Homeless San Jose residents could soon have more access to safe shelter and protected places to park their vehicles.

The San Jose City Council votes Tuesday on four projects: one safe parking site with more than 100 parking spots for RVs and vehicle dwellers, and three different temporary shelter sites. The projects could add up to 300 interim homes as city leaders look to build tiny home communities for the unhoused in every council district.

These sites are part of Mayor Matt Mahan’s plan to complete the former mayor’s goal of building 1,000 short-term rooms—known as interim housing—for the city’s homeless population. Mahan has repeatedly touted the success of interim housing and credits it as the main reason for San Jose’s decline in homelessness. In the last year, San Jose’s overall homeless population decreased by 4.7%, or about 500 people. San Jose has roughly 6,300 homeless residents, 4,411 of whom live on city streets, according to the latest point-in-time count.

“It’s no surprise that our (homeless) rates are dropping faster than the county as a whole,” Mahan said at a news conference last week. “We are leading the way… by embracing solutions that are faster to deploy.”

Here’s where the city is looking to add more transitional homeless housing:

Another safe parking lot

An industrial 6.3-acre site at 1300 Berryessa in North San Jose is set to transform into a 24-hour haven for residents living in their vehicles. About 85 spaces will be reserved for RVs and 35 spaces for cars. If approved, it will be the city’s second safe parking site, with one in the Santa Teresa VTA station parking lot set to open this summer after multiple delays.

District 4 Councilmember David Cohen has been calling for the city to open a safe parking site in his area. Several industrial zoned streets in his district are lined with RVs, forcing decades-long businesses to consider moving outside the city.

This is no minor undertaking. The cost to open the site and operate it for the next five years will cost $24 million, city documents show. The city will lease the land from a private landowner for 10 years, with an option for an additional five years. The first year’s rent is $1.4 million and then $1.7 million—with a 3.5% increase each year.

Tiny homes from the state

In March, Gov. Gavin Newsom promised millions of dollars to open and operate temporary shelters for unhoused residents across the state. Newsom committed to 200 homes in San Jose. The city is looking to split that between two different locations—one on Cherry Avenue in District 9 and another in North San Jose’s Cerone VTA Yard in District 4.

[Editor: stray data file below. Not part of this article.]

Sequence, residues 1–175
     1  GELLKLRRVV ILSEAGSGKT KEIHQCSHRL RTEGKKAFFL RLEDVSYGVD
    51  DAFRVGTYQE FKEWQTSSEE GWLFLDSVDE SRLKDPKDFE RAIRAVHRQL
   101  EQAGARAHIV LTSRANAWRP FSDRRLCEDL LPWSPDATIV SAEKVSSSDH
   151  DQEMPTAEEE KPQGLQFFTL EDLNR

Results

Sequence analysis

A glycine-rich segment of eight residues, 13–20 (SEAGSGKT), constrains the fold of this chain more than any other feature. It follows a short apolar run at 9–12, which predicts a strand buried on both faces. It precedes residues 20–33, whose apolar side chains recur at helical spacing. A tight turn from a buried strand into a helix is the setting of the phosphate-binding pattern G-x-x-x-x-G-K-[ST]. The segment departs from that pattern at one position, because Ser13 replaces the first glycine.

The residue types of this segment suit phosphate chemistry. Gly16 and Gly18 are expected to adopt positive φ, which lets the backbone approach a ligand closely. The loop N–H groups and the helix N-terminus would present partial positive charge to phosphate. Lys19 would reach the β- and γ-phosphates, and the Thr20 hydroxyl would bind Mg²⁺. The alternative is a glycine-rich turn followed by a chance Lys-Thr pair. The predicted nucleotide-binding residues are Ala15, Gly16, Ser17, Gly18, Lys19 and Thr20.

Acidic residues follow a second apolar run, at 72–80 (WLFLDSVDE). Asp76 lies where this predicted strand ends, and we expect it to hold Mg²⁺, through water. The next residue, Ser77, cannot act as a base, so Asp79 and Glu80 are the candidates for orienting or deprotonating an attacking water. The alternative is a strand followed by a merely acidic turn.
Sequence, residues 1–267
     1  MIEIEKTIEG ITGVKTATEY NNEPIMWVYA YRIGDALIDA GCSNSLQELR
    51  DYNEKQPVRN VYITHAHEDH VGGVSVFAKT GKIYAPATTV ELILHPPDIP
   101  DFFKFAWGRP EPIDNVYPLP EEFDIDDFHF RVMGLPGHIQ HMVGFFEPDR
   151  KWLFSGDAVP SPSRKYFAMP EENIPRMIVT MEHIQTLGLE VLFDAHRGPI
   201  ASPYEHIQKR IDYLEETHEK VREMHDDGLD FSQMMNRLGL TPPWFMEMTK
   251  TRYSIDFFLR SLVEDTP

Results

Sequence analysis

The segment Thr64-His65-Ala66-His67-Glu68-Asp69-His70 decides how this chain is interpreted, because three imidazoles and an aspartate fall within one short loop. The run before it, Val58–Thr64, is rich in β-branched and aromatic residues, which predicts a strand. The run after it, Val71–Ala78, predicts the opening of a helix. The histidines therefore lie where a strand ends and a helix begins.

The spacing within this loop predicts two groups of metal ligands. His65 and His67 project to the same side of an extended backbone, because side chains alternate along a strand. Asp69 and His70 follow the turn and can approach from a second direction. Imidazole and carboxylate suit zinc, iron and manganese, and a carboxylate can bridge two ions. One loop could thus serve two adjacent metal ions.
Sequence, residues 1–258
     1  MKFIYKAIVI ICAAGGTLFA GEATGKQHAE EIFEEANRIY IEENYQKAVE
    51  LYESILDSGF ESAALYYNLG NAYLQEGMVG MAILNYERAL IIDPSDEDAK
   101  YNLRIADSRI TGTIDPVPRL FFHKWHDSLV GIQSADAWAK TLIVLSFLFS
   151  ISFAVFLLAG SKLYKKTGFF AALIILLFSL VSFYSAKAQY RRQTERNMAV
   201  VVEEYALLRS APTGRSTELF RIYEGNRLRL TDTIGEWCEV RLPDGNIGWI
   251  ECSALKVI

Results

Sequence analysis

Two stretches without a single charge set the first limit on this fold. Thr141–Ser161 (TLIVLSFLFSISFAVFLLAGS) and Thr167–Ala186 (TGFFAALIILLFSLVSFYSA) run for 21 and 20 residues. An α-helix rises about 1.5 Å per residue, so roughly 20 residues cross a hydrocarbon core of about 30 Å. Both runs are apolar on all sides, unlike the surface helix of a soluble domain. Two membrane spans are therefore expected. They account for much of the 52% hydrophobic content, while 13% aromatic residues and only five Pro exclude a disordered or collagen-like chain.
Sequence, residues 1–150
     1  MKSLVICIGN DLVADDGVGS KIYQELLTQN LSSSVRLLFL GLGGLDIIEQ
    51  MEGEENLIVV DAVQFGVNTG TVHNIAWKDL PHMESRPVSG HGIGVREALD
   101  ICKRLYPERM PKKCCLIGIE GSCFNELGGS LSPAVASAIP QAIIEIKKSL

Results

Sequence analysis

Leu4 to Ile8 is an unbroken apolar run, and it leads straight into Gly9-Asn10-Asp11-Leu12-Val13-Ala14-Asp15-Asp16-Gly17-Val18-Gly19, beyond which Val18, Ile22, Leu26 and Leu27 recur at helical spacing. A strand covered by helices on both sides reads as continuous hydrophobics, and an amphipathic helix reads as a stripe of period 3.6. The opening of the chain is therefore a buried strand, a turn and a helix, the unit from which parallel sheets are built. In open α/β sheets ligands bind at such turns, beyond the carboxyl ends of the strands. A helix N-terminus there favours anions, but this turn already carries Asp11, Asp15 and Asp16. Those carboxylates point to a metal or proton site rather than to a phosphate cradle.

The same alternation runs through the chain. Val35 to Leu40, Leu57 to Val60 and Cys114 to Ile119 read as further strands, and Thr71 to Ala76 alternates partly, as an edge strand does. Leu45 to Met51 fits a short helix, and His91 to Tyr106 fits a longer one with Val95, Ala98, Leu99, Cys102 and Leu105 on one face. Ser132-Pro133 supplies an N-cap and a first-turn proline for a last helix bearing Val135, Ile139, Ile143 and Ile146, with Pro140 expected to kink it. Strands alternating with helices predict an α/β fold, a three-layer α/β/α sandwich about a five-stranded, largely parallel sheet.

The two-acre Cherry Avenue site is on land owned by Valley Water near the Guadalupe River and Almaden Shopping Center. The city council already approved the Cerone VTA site last November.

Both sites are estimated to cost $15 million each to develop. Each location will cost $3.4 million annually to operate, with a total cost of $17 million for five years for services and operations.

Both sites could have the first two years paid for if the city’s application to the state for funding is successful.

If unsuccessful, the city has two back up locations: one near the Highway 101 and Bernal Road ramp and the other between the 101 and 85 ramps. It would sit close to the Rue Ferrari homeless housing site.

Off the grid housing

The privately owned two-acre site on Via Del Oro Street and San Ignacio Avenue in District 10 may be the newest place San Jose’s homeless residents can seek temporary shelter. An anonymous philanthropist is willing to donate sleeping cabins to the city for free, according to city documents. In return, the donor expects the city to fund, design and handle site preparation, utility connections and other logistics for a five-year community.

The city is still determining how much it would cost to get the site ready, but operations would cost $3.4 annually. The city is also considering whether it makes sense financially if it’s only operational for five years.

“One novel element of this philanthropic partnership is testing the use of truly movable units that are movable and ‘off the grid’—utilizing solar and other mechanisms to dramatically minimize cost while leveraging temporarily unused land,” city staff wrote in a memo to council.

The city will vote on these options on Tuesday. Learn how to watch and participate.

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